The gap between economies in northern and southern English cities has dramatically widened in 10 years. A study by the Centre for Cities says for every 12 jobs created since 2004 in southern cities, only one was created in cities elsewhere. It said overall growth had been mainly driven by southern English cities, but big Scottish cities had grown well. In Scotland, Aberdeen saw bigger growth than Edinburgh, Glasgow and Dundee, largely, but not entirely, because of its proximity to the oil and gas fields in the North Sea. The three Welsh cities performed slightly below the UK average, with Cardiff, Swansea and Newport falling behind the UK cities’ average.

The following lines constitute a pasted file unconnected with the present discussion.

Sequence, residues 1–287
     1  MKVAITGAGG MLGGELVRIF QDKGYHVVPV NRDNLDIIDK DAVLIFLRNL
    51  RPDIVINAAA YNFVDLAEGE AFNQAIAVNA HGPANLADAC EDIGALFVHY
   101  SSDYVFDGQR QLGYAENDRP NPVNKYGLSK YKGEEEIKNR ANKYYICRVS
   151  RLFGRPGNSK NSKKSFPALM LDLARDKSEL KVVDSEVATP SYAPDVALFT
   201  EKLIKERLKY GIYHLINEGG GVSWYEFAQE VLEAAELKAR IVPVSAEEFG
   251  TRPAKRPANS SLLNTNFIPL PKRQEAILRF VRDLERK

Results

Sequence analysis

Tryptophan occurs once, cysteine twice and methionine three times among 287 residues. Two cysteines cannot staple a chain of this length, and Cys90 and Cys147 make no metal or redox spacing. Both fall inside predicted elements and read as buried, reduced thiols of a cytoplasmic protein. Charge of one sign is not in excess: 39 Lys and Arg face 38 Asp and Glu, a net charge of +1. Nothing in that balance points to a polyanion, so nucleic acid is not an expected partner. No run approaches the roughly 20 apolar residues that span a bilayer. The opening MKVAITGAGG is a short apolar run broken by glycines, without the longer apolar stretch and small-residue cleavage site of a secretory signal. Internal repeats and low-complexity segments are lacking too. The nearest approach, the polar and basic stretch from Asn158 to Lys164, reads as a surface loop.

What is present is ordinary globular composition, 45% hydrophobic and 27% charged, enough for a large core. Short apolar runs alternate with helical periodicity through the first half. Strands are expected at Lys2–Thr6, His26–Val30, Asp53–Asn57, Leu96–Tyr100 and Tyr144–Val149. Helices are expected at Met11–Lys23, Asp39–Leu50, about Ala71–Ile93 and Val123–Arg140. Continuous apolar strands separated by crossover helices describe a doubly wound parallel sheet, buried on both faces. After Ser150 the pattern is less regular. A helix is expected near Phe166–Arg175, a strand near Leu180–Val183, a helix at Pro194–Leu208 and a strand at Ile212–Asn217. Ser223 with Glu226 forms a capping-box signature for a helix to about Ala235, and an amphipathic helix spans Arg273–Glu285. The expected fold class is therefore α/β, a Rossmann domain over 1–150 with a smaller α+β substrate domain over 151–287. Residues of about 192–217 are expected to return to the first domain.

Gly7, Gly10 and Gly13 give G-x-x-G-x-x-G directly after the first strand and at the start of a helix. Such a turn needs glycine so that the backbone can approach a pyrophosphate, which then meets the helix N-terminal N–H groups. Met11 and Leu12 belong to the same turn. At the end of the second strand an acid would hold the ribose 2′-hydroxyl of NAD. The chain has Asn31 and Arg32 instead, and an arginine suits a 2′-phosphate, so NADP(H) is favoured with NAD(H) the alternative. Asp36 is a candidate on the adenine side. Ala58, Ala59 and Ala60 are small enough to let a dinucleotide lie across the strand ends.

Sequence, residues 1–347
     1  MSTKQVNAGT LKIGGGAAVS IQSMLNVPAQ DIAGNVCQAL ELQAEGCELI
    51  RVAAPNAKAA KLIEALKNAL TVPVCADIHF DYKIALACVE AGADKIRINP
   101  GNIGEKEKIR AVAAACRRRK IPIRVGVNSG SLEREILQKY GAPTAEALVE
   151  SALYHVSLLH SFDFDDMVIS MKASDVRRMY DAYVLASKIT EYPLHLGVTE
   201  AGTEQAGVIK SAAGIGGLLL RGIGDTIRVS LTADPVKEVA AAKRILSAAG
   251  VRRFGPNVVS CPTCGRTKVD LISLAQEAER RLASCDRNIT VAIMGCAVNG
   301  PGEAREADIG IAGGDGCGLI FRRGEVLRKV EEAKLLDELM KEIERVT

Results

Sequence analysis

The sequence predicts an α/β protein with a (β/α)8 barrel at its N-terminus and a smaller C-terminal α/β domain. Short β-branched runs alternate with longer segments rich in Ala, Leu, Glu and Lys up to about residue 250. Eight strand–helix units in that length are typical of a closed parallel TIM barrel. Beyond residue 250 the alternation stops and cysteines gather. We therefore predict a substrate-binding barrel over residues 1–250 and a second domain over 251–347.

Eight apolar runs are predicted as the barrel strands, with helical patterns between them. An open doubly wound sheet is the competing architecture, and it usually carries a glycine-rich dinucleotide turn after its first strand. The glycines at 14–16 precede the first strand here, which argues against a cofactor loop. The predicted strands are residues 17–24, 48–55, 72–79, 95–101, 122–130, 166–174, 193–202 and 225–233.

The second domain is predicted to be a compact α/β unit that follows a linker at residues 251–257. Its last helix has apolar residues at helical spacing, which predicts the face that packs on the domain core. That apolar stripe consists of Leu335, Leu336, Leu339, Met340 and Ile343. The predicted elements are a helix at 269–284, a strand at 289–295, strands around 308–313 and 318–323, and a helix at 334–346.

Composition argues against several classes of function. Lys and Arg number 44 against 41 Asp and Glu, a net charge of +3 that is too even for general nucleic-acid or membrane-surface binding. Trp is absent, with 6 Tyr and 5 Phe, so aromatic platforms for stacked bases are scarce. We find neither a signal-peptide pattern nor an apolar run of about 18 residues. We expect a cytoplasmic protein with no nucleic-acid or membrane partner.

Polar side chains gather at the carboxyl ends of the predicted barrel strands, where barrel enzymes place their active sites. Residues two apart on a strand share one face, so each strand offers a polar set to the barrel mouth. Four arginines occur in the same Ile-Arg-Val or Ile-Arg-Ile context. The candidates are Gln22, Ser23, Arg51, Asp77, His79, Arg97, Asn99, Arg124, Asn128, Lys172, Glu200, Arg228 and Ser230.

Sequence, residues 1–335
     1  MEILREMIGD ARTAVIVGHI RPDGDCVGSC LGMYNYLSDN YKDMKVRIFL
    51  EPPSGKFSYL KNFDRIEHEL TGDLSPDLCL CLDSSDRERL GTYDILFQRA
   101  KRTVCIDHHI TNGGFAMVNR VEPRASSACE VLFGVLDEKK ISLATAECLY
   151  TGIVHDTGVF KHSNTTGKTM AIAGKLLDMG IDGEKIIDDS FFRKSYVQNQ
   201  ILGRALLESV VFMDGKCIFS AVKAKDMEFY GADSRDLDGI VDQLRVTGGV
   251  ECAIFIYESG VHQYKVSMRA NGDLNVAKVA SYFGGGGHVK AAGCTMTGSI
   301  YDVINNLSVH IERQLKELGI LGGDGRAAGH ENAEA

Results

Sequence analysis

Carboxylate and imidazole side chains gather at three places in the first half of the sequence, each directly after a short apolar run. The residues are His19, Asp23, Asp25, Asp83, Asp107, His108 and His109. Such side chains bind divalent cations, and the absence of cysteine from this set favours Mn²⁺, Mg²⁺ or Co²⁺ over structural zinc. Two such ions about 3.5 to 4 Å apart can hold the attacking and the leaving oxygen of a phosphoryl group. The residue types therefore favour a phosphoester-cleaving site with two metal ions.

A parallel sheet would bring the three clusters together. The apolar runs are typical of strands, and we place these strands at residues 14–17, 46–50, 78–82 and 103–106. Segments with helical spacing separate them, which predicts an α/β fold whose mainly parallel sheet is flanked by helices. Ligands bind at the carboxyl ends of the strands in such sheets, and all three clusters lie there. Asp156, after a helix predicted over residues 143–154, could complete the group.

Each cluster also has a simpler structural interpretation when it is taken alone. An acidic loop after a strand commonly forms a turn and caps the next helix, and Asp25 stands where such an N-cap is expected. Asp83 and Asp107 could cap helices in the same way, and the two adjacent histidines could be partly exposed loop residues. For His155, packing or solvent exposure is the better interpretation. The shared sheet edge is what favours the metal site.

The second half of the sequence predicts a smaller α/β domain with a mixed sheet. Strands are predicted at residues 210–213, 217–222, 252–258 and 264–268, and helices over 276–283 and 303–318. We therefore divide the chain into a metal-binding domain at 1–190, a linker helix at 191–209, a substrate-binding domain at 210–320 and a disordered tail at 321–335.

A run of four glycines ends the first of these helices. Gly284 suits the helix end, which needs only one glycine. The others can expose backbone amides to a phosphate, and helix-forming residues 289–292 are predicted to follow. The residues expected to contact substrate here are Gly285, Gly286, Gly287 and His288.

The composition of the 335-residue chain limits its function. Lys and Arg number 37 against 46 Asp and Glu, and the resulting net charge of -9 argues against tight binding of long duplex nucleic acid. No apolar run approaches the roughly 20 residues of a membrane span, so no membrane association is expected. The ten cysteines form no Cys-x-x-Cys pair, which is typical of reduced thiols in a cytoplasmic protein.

Centre for Cities, which was set up in 2005 as an independent research organisation by Lord Sainsbury, said the number of jobs created in London rose by more than 17% between 2004 and 2013. But in Blackpool, Rochdale and Gloucester there were falls of 10%. This picture is mirrored by the pattern of business start-ups, with Swindon in the south seeing the creation of a third more businesses compared with a fall of 5.5% in Grimsby.

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